However, problems begin to arise as the Simpsons' fame continues. After a funny stunt causes him injury (the cliff plummet from "Bart the Daredevil", after a montage of Homer injury clips), Homer becomes addicted to prescription painkillers, Marge makes some senseless business investments, and Bart goes to rehab after attacking flight attendants, being temporarily replaced on the show by Richie Rich. The IRS examines soon after and takes away their house (called "Homertime" as a parody of MC Hammer's house, "Hammertime"). As tensions mount in the family, the show's writing and production team resort to introducing gimmicky nonsensical plots and shameless guest star appearances in the episodes to maintain ratings. Then, the family gets into a big dispute and splits up at the Iowa State Fair.

Fox is forced to put the show on hiatus, since none of the Simpsons will talk to each other. The members pursue independent endeavors: Homer follows a career in the legitimate theater; Bart replaces Lorenzo Lamas as the star of the syndicated action show Renegade; Marge makes a nightclub act performing Bob Marley's song "I Shot the Sheriff"; and Lisa writes Where Are My Residuals?, a tell-all book about her experiences working on the show, such as Homer's spiking of her cereal with anti-growth hormones. Bringing the family back together seems impossible, until country singer Willie Nelson puts on a phony awards show in order to reconcile the family. They hug and forget past wrongs in a sensitive reunion. Again, they look with hope to the many years of episodes of The Simpsons to come... or not.

The episode ends with an epilogue, in which the narrator states, "...the future looks brighter than ever for this northern Kentucky family". Following the epilogue, the Simpson family is shown in a video editing room, viewing a scene from an upcoming episode from the next season, which shows the family talking about winning a trip to Delaware.[Note 1] Seemingly in response to the stilted and unfunny quality of the proceedings, Homer quietly assures the editor that the next season will be the last. The final scene shows a mock teaser for an "upcoming episode" of Behind the Laughter about Huckleberry Hound, in which he reveals that he is gay.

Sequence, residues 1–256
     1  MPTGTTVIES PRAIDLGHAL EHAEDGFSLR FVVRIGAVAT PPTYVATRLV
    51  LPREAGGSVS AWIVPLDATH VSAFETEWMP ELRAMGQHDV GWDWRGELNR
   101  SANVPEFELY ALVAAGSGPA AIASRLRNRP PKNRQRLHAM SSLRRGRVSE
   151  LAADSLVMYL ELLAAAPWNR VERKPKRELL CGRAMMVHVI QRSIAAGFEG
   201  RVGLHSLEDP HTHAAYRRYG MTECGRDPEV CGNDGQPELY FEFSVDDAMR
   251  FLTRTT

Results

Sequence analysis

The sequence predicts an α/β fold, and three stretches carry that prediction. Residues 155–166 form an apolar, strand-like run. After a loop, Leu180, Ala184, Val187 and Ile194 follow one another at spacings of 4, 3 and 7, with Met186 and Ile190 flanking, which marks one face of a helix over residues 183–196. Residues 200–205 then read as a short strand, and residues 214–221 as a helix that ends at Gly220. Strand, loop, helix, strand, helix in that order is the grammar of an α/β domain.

Guy Rosenthal, friend of executive producer Mike Scully, was producing the VH1 series Behind the Music, which was very popular during the episode's production.[3] Tim Long was the one to pitch the idea for the episode.[4] The idea for the episode was a drastic departure for the series to try something so different.[5] It took the writers a long time to conceptualize the show, as they were unsure whether to make Homer a filmmaker or make the characters unaware they were being filmed.[6] Selman recalled that there was no draft for the episode, instead the writers just sat down and "pounded it out."[7] He noted that one of the disadvantages for producing an animated show that takes up to a year in advance to create was that many other comedy shows, most notably Saturday Night Live with their "More cowbell" sketch, had already done Behind the Music parodies.[7] Although the final episode only features one bleeped curse word for Marge (for comedic effect), Meyer recalled the writers spent many weeks just "pitching Marge filth."[6]